Please use this identifier to cite or link to this item: http://sgc.anlis.gob.ar/handle/123456789/525
Title: Truncated hantavirus nucleocapsid proteins for serotyping Sin Nombre, Andes, and Laguna Negra hantavirus infections in humans and rodents
Authors: Koma, Takaaki 
Yoshimatsu, Kumiko 
Pini, Noemí 
Safronetz, David 
Taruishi, Midori 
Levis, Silvana 
Endo, Rika 
Shimizu, Kenta 
Yasuda, Shumpei P. 
Ebihara, Hideki 
Feldmann, Heinz 
Enria, Delia 
Arikawa, Jiro 
Issue Date: 2010
Description: Sin Nombre virus (SNV), Andes virus (ANDV), and Laguna Negra virus (LANV) have been known as the dominant causative agents of hantavirus pulmonary syndrome (HPS). ANDV and LANV, with different patterns of pathogenicity, exist in a sympatric relationship. Moreover, there is documented evidence of person-to-person transmission of ANDV. Therefore, it is important in clinical medicine and epidemiology to know the serotype of a hantavirus causing infection. Truncated SNV, ANDV, and LANV recombinant nucleocapsid proteins (trNs) missing 99 N-terminal amino acids (trN100) were expressed using a baculovirus system, and their applicability for serotyping SNV, ANDV, and LANV infection by the use of enzyme-linked immunosorbent assays (ELISA) was examined. HPS patient sera and natural-reservoir rodent sera infected with SNV, ANDV, and LANV showed the highest optical density (OD) values for homologous trN100 antigens. Since even patient sera with lower IgM and IgG antibody titers were serotyped, the trN100s are therefore considered useful for serotyping with early-acute-phase sera. In contrast, assays testing whole recombinant nucleocapsid protein antigens of SNV, ANDV, and LANV expressed in Escherichia coli detected homologous and heterologous antibodies equally. These results indicated that a screening ELISA using an E. coli-expressed antigen followed by a serotyping ELISA using trN100s is useful for epidemiological surveillance in regions where two or more hantavirus species cocirculate.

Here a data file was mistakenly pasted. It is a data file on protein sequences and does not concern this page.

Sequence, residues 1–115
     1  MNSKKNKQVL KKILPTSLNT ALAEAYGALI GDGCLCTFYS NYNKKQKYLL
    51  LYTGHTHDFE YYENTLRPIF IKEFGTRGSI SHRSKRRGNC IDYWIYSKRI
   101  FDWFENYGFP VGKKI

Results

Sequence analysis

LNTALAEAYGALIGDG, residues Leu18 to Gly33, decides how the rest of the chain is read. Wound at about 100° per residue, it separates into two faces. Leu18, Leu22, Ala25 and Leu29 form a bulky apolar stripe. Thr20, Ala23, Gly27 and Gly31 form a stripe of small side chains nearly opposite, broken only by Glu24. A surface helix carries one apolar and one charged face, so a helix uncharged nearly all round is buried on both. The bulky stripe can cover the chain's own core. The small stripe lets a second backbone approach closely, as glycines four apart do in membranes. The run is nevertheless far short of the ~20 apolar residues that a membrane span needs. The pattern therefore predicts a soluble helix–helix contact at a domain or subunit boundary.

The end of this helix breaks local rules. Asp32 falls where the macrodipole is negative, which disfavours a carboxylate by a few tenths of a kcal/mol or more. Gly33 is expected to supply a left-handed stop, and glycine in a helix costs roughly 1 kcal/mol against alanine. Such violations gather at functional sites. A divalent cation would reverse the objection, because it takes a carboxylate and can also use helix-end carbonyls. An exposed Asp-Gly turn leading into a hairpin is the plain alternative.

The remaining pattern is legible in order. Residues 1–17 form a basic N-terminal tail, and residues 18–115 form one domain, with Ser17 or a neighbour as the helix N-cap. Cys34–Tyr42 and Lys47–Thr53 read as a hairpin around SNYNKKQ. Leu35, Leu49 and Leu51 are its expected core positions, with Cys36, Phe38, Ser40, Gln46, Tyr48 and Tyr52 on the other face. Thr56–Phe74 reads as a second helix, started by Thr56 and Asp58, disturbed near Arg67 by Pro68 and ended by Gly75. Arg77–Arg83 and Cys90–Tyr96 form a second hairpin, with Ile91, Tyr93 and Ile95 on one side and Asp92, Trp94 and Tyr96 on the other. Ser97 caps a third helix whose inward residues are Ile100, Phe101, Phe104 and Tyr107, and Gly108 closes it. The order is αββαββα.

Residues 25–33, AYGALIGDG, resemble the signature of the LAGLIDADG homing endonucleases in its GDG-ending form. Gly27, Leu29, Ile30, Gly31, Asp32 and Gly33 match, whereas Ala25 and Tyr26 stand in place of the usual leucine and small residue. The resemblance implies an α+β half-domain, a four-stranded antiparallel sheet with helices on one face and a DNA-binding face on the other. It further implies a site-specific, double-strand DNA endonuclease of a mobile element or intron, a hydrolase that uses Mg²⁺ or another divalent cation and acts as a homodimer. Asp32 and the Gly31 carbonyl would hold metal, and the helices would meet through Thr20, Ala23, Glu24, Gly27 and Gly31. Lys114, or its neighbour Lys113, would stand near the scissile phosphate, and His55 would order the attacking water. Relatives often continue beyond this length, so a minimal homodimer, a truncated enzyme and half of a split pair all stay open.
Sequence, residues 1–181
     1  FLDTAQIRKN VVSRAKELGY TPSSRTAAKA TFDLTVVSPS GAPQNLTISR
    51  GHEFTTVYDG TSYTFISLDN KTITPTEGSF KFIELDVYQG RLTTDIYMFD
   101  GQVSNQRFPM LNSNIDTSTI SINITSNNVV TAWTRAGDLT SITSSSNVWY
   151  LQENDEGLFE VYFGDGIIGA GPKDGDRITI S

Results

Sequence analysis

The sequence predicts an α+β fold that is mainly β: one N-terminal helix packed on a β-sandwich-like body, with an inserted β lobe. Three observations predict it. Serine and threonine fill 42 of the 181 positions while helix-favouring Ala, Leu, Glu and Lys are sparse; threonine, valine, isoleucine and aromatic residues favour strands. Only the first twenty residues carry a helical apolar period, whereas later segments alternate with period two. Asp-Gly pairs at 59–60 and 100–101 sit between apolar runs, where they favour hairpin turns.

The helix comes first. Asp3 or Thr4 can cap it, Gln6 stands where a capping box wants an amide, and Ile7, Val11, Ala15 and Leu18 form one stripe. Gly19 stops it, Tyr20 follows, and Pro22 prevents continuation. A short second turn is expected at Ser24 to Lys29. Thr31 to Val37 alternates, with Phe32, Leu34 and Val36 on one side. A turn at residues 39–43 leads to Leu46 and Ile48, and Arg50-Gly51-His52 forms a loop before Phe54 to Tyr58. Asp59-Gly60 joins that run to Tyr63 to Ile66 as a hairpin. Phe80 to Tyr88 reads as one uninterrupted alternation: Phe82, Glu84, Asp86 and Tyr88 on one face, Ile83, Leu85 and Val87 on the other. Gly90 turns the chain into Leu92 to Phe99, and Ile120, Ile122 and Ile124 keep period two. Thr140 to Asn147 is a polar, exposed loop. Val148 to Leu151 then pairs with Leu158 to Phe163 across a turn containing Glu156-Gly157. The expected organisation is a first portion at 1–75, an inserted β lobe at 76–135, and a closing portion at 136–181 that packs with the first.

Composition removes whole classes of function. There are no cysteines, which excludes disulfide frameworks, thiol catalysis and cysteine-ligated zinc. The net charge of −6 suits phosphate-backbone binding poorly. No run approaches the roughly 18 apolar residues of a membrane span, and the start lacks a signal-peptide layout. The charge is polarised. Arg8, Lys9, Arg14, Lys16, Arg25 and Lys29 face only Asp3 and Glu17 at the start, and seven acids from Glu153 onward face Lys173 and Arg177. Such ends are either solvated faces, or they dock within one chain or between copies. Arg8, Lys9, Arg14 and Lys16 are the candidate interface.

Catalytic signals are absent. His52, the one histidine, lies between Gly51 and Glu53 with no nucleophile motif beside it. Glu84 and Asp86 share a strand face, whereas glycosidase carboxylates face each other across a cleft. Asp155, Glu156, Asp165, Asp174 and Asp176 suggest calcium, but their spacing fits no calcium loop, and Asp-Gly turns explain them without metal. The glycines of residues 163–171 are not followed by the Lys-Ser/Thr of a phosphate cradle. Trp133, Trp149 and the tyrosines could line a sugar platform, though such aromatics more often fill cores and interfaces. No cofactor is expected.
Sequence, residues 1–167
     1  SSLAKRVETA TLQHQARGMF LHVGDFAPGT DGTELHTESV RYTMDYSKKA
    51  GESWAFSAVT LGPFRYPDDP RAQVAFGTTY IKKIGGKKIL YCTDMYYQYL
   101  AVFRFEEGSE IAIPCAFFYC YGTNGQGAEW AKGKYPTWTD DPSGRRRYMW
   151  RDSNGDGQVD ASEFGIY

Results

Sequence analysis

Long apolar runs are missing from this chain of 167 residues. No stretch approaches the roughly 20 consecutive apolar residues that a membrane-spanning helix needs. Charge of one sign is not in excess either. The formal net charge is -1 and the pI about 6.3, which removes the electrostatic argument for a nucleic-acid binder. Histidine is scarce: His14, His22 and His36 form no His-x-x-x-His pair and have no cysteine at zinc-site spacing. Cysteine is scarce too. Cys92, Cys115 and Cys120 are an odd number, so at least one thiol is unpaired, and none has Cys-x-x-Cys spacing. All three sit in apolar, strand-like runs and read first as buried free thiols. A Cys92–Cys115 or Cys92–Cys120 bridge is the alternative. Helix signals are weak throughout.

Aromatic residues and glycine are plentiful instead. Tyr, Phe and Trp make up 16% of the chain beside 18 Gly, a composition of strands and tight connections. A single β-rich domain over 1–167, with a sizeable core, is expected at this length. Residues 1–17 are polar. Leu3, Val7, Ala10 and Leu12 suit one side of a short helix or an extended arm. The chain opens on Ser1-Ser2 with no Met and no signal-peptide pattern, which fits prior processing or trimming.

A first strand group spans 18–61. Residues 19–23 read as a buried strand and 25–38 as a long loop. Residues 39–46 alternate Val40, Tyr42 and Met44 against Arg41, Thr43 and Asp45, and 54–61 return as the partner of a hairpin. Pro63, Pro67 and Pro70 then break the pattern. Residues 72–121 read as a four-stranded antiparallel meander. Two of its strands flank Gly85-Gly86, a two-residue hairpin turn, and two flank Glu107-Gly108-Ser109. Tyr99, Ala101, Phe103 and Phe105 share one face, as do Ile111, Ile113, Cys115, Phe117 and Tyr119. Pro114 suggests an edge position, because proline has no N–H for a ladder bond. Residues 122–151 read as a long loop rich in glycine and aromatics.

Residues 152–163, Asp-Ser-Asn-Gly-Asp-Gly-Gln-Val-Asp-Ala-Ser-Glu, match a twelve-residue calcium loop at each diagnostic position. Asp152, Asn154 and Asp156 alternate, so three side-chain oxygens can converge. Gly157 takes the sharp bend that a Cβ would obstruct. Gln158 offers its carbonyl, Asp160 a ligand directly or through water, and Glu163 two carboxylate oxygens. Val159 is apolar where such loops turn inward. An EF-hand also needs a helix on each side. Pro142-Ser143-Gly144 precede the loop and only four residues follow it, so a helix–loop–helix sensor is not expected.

URI: http://sgc.anlis.gob.ar/handle/123456789/525
Rights: openAccess
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